The proposal to revise the HRA might be seen as designed to a address a short-term domestic political problem rather than a serious legal issue. The current government faces a scandal over the release of perhaps 150 dangerous foreign criminals without deporting them, or even tracking their whereabouts, as would have been appropriate. No one has genuinely argued that these individuals were terrorists, or that they were allowed to stay because of the HRA. However, this scandal clearly motivates many of the calls for reform, and politicians have conflated the foreign criminal scandal, which involves common criminals, with the Afghan decision, a separate case involving the release of an individual rapist, and the treatment of terrorism suspects generally. The conclusion in the rush to judgment: the HRA is the culprit and must be revised.
But reforming the HRA will not make the current scandal go away, nor would it relieve the UK of its international human rights obligations. Deportations of individuals to countries where they might be tortured would still violate international law. Equally, any revision of the HRA, and any move to publicly deport individuals to countries with records of officially sanctioned torture – whether Afghanistan under the Taliban, or Jordan today – strips the UK and Tony Blair of whatever moral authority the push for an 'ethical foreign policy' might have conferred. It places UK politicians in the ranks of the hypocrites when they seek to condemn the US for policies of extraordinary rendition, or in Guantanamo, and further distances the country from European allies who do not share their interpretation of key human rights obligations.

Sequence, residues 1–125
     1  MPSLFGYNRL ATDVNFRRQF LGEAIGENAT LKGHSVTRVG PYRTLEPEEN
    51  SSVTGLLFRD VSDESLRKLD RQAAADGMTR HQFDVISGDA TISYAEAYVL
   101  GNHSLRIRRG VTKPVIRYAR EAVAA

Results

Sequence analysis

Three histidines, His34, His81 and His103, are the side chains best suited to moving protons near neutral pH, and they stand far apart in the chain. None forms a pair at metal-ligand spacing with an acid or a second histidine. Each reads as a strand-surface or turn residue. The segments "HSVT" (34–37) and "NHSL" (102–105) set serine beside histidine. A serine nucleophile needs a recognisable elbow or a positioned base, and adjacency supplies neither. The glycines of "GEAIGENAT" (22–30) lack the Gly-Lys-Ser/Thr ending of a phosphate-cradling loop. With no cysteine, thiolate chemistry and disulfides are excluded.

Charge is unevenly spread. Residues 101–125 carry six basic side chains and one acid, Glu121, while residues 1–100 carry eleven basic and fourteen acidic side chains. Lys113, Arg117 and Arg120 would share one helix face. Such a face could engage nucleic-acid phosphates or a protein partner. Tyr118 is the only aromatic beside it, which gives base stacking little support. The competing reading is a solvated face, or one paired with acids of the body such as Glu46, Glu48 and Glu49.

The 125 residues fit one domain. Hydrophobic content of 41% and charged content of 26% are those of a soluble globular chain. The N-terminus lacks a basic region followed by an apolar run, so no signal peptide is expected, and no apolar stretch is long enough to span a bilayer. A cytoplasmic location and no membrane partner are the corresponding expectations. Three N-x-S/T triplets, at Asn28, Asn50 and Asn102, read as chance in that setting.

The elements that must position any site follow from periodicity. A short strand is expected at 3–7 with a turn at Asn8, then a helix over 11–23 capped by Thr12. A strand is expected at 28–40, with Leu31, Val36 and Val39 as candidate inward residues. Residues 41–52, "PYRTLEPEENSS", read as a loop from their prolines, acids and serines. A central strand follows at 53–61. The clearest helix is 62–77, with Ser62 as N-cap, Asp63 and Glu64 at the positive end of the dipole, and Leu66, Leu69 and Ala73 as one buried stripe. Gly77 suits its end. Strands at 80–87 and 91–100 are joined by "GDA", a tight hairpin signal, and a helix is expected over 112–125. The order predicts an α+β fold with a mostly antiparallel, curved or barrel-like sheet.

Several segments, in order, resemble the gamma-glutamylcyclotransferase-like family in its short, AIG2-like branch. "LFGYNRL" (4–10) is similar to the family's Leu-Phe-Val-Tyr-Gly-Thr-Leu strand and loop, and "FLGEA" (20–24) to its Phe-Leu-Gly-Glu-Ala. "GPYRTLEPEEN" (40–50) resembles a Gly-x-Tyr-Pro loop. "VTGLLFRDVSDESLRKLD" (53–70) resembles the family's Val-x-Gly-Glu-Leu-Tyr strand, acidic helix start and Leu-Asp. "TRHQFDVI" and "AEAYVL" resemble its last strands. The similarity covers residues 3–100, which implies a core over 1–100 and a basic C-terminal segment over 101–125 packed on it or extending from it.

Revision of the HRA is, in short, a poor and p
otentially permanent response to a current and temporary political crisis. It threatens real protections of human rights in the name of illusory advances in security.
Professor Chandra Lekha Sriram is Chair in Human Rights and Director of the newly founded Centre on Human Rights in Conflict at the University of East London School of Law.